Written and directed by Meg Skaff, centering around the titular Linda (Aundrea Fares) and a package inherited from her Aunt Lucinda (Susan King) which brings her to breaking point. Also starring: Ashley Peoples, Timothy J. Cox, Brit-Charde Sellers, Kimberley David, Joseph Dimartino and Judy Chen.
Fares as Linda is fascinating to watch, giving such a disjointed performance requiring real stillness injected with moments of franctic energy; which she somehow managed to balance in a believable manner, no easy task but definitely accomplished in this instance. It’s a role that’s almost difficult to watch at times with a mostly unsympathetic character for audiences, due to her very unqiue and particular nature but it is nonetheless convincing as she goes through each emotion and reaction, or lack there of. People’s as Geraldine, the love interest of Linda is almost a complete opposite of our lead, a much more relaxed and normal character, grounding Linda in their moments together on screen. Kirby as Aunt Lucinda, though a splintered character throughout flashbacks, is highly effective and evokes a strong distaste or hatred, coming across very strongly. Cox on the other hand as the inexplicably but enjoyably named Purple Green, is an interesting addition to the ecclectic cast, providing something akin to a sit-com character, which adds a certain lightness that compliments the film.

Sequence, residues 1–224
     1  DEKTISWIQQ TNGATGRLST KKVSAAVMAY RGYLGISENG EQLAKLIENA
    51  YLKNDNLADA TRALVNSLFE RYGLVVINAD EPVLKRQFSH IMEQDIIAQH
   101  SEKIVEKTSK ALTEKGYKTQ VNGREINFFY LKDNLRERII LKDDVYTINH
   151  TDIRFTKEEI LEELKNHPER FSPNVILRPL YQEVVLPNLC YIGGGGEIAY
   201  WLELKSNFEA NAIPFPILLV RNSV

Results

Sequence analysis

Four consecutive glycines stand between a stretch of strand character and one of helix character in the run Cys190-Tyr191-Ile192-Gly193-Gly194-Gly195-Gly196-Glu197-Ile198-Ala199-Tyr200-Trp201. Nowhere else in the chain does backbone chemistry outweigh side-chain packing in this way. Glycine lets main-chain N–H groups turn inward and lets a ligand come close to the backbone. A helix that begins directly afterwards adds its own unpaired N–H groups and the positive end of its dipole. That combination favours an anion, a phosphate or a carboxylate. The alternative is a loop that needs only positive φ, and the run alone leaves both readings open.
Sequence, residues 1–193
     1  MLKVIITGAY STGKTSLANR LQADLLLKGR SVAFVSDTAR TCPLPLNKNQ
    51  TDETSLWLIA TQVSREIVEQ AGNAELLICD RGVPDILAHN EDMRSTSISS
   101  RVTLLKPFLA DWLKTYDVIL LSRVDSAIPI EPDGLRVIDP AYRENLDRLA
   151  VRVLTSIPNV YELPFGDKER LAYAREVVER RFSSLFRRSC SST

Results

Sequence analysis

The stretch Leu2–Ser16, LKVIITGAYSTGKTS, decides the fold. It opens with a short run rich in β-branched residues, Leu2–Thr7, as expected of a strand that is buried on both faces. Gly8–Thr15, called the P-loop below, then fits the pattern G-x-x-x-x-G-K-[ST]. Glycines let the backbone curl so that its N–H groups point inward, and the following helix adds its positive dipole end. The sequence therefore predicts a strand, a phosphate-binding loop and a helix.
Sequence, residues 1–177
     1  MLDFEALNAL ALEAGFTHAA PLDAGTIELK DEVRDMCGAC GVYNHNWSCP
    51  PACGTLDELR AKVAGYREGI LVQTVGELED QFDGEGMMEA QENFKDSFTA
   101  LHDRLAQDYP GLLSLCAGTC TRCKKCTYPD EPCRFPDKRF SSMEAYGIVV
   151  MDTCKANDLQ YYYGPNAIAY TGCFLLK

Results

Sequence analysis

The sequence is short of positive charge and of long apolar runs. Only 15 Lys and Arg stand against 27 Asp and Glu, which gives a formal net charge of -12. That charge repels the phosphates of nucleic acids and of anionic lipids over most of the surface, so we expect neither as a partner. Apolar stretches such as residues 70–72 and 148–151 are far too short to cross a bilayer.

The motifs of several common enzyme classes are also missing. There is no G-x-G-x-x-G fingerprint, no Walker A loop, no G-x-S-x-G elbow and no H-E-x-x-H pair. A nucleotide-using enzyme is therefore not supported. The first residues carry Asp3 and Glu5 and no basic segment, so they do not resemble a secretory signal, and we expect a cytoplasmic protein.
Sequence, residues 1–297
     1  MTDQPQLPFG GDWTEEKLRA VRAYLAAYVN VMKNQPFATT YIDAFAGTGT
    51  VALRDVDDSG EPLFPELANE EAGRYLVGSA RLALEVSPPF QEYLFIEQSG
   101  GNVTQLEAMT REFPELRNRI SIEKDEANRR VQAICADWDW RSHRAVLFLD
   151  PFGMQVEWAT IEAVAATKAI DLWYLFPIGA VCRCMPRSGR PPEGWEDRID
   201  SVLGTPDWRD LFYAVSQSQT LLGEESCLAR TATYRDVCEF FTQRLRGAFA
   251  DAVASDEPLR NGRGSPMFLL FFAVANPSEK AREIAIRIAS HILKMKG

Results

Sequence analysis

Watching each of these characters and the events that unfold, very much strange or odd, it’s almost similar to viewing a drug-fuelled episode; half catatonic, half wildly energetic which excudes almost a discomfort for the audience, adding to the unusual overall ambience the film offers. There’s an air to the film that echoes abuse, trauma or PTSD seemingly leading to delusions or hallucinations which gives the film a tragic quality, one that feels slightly too complex to cover entirely within the time constraints but nevertheless it is interesting to witness. It is however difficult to decide where the film is originating from love or hate or resentment or perhaps a mixture of all three, it doesn’t necessarily harm the film, not knowing but it does leave you in a constant state of flux while watching.
Viewing in this case is certainly a unique experience, there are a great deal of different films thrown into a melting pot of eccentricity which results in questioning “What am I watching?”. It’s a film with a strong individual personality, a rather abrupt conclusion and it will leave you curious.